Photos:

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Equipment:

Yaesu FT817ND.

SOTABeams Band Hopper linked dipole.

LambdaHalbe 6m Mini-mast.

Modified QAMP amplifier (35W on 40m).

Thick plastic painters sheet.

Sun Umbrella screw-in base.

Log:

Conclusions:

Whilst band conditions were difficult on 20 metres the trip out was worth it as the fact that I heard a Japanese and two Australian (presumably super) stations, does mean band conditions are getting better.

I suspect the trees on this forested summit may have been part of the reason that I did not get out very well. The use of a vertical antenna may have been better for DX but it would have suffered even more from the tree landscape.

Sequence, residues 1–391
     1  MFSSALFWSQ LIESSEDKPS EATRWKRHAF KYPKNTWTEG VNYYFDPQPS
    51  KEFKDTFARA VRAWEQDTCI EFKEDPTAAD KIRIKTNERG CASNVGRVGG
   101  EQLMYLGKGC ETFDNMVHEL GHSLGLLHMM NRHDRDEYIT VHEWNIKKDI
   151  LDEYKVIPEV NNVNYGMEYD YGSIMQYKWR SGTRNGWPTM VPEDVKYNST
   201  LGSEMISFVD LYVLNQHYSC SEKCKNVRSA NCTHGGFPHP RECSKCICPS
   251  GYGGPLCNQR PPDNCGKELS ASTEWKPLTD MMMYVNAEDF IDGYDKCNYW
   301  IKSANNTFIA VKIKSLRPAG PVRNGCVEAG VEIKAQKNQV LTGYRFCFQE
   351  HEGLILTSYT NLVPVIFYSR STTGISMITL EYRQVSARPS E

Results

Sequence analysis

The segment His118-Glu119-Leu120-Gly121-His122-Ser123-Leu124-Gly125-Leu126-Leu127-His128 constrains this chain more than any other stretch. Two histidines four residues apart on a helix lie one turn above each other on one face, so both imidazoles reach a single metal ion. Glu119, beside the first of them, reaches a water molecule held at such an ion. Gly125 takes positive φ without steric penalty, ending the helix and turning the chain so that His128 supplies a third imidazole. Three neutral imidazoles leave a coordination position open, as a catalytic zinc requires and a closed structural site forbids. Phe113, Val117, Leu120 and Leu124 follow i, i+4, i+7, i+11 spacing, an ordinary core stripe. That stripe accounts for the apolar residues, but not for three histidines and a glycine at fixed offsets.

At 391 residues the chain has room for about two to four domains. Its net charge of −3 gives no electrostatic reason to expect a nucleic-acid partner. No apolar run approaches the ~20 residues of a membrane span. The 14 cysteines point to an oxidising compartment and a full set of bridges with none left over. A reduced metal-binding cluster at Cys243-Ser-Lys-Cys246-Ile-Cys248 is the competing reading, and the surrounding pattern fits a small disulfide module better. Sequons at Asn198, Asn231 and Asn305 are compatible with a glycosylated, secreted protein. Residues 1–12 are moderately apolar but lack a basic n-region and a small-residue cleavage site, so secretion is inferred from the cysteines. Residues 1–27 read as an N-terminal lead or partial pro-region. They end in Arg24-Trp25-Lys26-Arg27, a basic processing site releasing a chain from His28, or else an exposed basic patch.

For just one point, there has to be a reason to come to this summit (for me it was the activation time) there are several just as easy to get to later in the day better summits.

73 ’til the next Summit!